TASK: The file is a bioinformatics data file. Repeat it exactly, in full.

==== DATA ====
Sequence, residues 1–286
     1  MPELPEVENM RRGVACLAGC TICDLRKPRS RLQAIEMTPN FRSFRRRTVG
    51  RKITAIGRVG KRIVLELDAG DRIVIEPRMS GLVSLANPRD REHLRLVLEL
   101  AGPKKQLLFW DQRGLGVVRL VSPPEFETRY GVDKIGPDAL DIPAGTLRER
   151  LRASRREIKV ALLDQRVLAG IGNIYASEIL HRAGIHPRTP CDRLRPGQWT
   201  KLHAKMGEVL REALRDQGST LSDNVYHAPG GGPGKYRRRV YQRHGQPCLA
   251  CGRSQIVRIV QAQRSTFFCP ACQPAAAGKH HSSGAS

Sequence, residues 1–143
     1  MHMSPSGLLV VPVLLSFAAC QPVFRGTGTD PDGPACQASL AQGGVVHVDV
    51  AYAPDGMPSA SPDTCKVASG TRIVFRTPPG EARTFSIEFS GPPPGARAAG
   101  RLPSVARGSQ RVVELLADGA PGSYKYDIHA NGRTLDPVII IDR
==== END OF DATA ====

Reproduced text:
Sequence, residues 1–286
     1  MPELPEVENM RRGVACLAGC TICDLRKPRS RLQAIEMTPN FRSFRRRTVG
    51  RKITAIGRVG KRIVLELDAG DRIVIEPRMS GLVSLANPRD REHLRLVLEL
   101  AGPKKQLLFW DQRGLGVVRL VSPPEFETRY GVDKIGPDAL DIPAGTLRER
   151  LRASRREIKV ALLDQRVLAG IGNIYASEIL HRAGIHPRTP CDRLRPGQWT
   201  KLHAKMGEVL REALRDQGST LSDNVYHAPG GGPGKYRRRV YQRHGQPCLA
   251  CGRSQIVRIV QAQRSTFFCP ACQPAAAGKH HSSGAS

Sequence, residues 1–143
     1  MHMSPSGLLV VPVLLSFAAC QPVFRGTGTD PDGPACQASL AQGGVVHVDV
    51  AYAPDGMPSA SPDTCKVASG TRIVFRTPPG EARTFSIEFS GPPPGARAAG
   101  RLPSVARGSQ RVVELLADGA PGSYKYDIHA NGRTLDPVII IDR